Aluminum: Surprisingly Sustainable

Aluminum is actually one of the most recycled and recyclable materials available. According to the Aluminum Association, almost 75% of all the aluminum ever made is still being used today! Its many useful properties, including being lightweight and corrosion-resistant, make it great for all sorts of applications. The benefits of aluminum combined with the difficulty in creating it from scratch drove the development of our current robust aluminum recycling systems!

Before the discoveries of the Héroult/Hall electrolysis process and Bayer's refining method using bauxite ore, aluminum was considered a precious metal and was very valuable- even more than gold!

Photos of Heroult, Hall, and Bayer

The current method of making virgin aluminum is to refine it out of bauxite ore extracted from open-pit mines in places like Australia, Guinea, and Brazil.

Bauxite ore and an open-pit mine

The efficiency of recycling scrap aluminum means it takes only 5% of the energy needed to produce virgin aluminum. This 95% energy savings is great for both manufacturer's budgets and the planet- the more cost-effective recycled aluminum is, the more demand there will be for increased recycling.

Aluminum take-out pans, cans, and foil

In contrast to aluminum's 75% recycled rate, a study published in Science Advances in 2017 indicates that only 9% of plastics ever made have been recycled. Aluminum can also be recycled indefinitely. The majority of plastics can only be recycled a handful of times, and many of them only once!

Compress Aluminum cans for recycling compared to plastic bottles on a beach

How is aluminum recycled?

1. It is shredded into chips and sent through an infrared sorter to catch and remove anything that doesn't belong, such as plastic and glass. A magnet also checks for scraps of steel.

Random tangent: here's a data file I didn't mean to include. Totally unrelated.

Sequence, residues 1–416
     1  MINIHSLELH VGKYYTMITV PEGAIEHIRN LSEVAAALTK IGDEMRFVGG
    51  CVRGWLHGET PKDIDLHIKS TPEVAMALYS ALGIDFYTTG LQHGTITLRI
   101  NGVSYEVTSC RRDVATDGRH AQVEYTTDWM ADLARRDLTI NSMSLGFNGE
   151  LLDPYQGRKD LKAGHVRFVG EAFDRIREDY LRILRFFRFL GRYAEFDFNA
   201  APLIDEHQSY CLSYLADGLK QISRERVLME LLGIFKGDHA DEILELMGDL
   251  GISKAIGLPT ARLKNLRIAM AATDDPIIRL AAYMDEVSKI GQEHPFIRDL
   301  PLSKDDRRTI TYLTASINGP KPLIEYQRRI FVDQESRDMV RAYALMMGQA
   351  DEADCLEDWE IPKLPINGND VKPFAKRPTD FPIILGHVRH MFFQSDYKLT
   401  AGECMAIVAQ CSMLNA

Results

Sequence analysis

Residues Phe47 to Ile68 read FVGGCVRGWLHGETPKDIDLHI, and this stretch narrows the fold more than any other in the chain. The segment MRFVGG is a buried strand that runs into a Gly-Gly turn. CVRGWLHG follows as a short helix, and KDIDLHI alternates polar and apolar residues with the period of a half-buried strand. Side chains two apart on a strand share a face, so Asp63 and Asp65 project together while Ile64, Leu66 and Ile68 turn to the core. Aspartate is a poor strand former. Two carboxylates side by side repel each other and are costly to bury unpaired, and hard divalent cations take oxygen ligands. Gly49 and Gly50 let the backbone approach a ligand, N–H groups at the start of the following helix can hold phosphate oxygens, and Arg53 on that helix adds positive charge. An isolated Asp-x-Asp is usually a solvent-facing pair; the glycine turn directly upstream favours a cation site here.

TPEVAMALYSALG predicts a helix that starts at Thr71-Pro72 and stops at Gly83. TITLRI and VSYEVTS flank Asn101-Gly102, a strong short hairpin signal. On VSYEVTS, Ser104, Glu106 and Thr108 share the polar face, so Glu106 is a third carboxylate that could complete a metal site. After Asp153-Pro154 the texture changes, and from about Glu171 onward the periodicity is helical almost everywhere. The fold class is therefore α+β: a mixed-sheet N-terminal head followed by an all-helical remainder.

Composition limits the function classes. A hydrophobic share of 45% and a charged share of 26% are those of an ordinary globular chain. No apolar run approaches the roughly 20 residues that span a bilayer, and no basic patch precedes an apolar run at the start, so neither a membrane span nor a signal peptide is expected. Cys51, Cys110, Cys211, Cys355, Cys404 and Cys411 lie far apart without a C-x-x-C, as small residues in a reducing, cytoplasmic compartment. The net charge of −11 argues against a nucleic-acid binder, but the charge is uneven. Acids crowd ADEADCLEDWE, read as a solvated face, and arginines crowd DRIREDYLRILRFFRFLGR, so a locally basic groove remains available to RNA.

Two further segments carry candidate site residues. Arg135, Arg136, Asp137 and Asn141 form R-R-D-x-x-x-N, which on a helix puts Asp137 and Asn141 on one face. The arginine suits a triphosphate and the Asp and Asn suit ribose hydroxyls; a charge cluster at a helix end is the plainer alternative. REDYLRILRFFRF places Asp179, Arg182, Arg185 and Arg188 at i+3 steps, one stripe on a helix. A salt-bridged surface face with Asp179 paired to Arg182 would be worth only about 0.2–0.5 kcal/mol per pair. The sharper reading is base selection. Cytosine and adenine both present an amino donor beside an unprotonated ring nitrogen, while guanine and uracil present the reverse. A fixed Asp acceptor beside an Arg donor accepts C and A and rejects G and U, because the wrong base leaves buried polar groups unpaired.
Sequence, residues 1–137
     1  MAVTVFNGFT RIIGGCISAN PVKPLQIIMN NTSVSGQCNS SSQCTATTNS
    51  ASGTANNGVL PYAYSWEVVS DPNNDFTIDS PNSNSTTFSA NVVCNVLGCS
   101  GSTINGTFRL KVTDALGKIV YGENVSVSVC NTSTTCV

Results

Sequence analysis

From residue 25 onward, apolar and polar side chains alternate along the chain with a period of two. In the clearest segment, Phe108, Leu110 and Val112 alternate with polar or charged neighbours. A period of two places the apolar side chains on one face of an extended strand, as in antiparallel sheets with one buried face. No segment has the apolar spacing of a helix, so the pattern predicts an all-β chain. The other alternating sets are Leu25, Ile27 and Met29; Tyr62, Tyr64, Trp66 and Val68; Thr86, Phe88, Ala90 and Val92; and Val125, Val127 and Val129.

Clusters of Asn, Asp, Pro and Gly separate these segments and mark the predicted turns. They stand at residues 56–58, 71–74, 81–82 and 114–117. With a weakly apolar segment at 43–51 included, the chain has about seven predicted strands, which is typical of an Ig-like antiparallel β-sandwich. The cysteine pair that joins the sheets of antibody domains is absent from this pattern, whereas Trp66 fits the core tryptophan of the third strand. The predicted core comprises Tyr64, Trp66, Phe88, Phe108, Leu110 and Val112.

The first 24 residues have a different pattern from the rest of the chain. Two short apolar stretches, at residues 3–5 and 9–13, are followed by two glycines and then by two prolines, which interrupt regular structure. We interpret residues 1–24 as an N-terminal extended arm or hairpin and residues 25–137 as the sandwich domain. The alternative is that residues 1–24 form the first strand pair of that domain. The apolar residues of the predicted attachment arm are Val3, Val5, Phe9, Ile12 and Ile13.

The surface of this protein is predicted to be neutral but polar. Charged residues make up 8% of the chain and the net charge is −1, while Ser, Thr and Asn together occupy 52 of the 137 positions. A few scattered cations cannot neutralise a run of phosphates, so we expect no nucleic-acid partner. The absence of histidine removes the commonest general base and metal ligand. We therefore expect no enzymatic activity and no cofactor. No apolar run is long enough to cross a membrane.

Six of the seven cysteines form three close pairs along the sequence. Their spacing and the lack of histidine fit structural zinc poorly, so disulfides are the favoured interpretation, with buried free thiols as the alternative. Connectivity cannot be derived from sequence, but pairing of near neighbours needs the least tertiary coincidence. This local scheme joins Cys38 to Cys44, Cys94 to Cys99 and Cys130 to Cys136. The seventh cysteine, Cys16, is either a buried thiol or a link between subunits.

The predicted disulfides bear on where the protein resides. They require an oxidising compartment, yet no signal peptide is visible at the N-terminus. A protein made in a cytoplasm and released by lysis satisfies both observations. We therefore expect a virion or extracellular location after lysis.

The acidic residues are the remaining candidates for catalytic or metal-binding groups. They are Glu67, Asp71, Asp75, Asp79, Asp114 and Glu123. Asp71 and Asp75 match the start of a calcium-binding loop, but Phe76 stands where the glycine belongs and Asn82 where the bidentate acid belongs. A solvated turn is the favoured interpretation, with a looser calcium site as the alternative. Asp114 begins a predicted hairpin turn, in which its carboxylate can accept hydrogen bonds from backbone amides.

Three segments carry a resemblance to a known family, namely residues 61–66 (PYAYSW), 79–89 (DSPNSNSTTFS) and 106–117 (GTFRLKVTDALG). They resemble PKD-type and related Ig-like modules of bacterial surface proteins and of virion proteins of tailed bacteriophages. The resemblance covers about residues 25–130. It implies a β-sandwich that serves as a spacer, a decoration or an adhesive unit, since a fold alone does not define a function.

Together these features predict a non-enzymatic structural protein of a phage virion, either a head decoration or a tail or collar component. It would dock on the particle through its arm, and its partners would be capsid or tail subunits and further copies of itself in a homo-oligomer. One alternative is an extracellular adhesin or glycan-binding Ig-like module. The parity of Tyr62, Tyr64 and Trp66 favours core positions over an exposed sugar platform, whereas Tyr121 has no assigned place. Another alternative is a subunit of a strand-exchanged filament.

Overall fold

Shredded aluminum

2. The scrap aluminum chips are melted down (1,221°F!) and poured molds to form ingots. These ingots can be huge, weighing up to 29.8 tons each (or 1.5 million aluminum cans)!

Aluminum melting furnace and ingots

3. Ingots aren't always the most convenient form to give to manufacturers for reuse, so commonly a series of rollers is used to progressively squeeze the ingots down into sheets about .01" thick.

Aluminum roller table and coils

The ingot sheets are then rolled up into coils and ready to be used again!

How recyclable is SelectSpace?

SelectSpace Partitions are almost entirely aluminum! All the panels, stand bodies, and planter stand bodies are aluminum (the stand and planter stand bases are stainless steel).

Example showing how SelectSpace is made mostly of aluminum

This means once you are done with your partitions, they can be easily recycled and the metals reused. The stainless steel is also just as recyclable- steel is the most recycled material on the planet!

How can I make sure my metal is recycled?

For larger metal scrap (like SelectSpace), it's a good idea to contact a scrap/recycling company and arrange a drop-off or pick-up. Municipal garbage services may also accept the scrap, but usually only by special arrangement. Using a dedicated company or service ensures your scrap doesn't end up in a landfill by mistake!

Scrap Metal piles

Aluminum is considered a 'green' material and its closed-loop recyclability makes it a great choice for sustainable products and design. It's great to know that once SelectSpace and other aluminum products have reached the end of their life-span they won't just be dumped in a landfill. They could come back as food packaging, automobile parts, medical equipment, construction materials or thousands of other products used every day across the world!

Have any questions about SelectSpace, our materials, or how to recycle? Contact us now!

Or browse our gallery for outdoor seating inspiration!


Sources:

https://www.rubicon.com/blog/aluminum-recycling/

https://www.aluminum.org/industries/production/recycling

https://www.aluminum.org/aluminum-sustainability

https://www.theverge.com/2019/9/12/20862775/aluminum-recycling-water-tech-plastic-manufacturing-cocacola-pepsi-apple

https://www.sciencedirect.com/topics/earth-and-planetary-sciences/bauxite

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